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Consider Risk of MRSA from Unsafe Injections

Move over hepatitis B, C, and HIV, and make room for MRSA infections as a consequence of unsafe injection practices.

A recent post on the CDC Safe Healthcare blog by Dr. Michael Bell, associate director for infection control at the Division of Healthcare Quality Promotion, discusses two recent outbreaks in Arizona and Delaware where the use of medication from single-dose/single-use vials for multiple patients resulted in "staph/MRSA infections in at least 10 patients receiving injections for pain relief."

Bell writes: "These breaches resulted in life-threatening, yet completely preventable, infection in a number of patients receiving injections for pain relief. How does this happen in today's advanced medical settings?"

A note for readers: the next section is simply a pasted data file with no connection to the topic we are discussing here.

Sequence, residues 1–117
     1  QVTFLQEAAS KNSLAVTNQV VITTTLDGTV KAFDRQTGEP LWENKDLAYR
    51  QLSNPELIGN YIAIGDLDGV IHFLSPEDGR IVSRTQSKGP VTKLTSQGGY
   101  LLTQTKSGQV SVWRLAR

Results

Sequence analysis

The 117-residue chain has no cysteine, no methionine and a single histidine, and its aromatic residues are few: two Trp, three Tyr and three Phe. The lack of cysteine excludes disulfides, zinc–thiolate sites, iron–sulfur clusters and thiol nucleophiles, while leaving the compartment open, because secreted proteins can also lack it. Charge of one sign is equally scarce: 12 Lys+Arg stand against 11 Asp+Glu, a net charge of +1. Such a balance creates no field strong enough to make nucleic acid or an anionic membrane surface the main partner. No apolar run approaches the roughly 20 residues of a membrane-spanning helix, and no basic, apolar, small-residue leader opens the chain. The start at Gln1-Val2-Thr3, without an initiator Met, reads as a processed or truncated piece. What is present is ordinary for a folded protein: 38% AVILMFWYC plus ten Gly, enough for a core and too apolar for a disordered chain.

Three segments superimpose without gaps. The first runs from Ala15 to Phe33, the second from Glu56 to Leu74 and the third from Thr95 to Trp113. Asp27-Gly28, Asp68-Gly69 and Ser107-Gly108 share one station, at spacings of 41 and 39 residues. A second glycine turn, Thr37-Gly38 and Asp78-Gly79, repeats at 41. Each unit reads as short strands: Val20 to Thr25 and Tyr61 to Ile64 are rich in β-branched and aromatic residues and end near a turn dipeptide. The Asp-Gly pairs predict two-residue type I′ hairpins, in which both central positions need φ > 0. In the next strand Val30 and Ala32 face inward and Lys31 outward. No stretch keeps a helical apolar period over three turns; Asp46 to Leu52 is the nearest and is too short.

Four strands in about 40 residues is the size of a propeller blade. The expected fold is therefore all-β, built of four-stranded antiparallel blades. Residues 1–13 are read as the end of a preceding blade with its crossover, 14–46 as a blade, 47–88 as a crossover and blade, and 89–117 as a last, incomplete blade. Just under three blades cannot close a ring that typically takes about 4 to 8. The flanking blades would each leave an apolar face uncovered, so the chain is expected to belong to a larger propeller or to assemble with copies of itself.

Infections resulting in hospitalizations from the unsafe practices included, "mediastinitis, bacterial meningitis, epidural abscess, septic arthritis, bursitis, and sepsis, all severe infections caused by either Staphylococcus aureus (Staph) or its drug-resistant form MRSA," according to Bell.

The CDC report says that the outpatient clinics where the outbreaks occurred may have deviated from recommended practices because of difficulty "in obtaining appropriate vial sizes, either because of a national drug shortage or because the vial size needed by healthcare providers was not manufactured."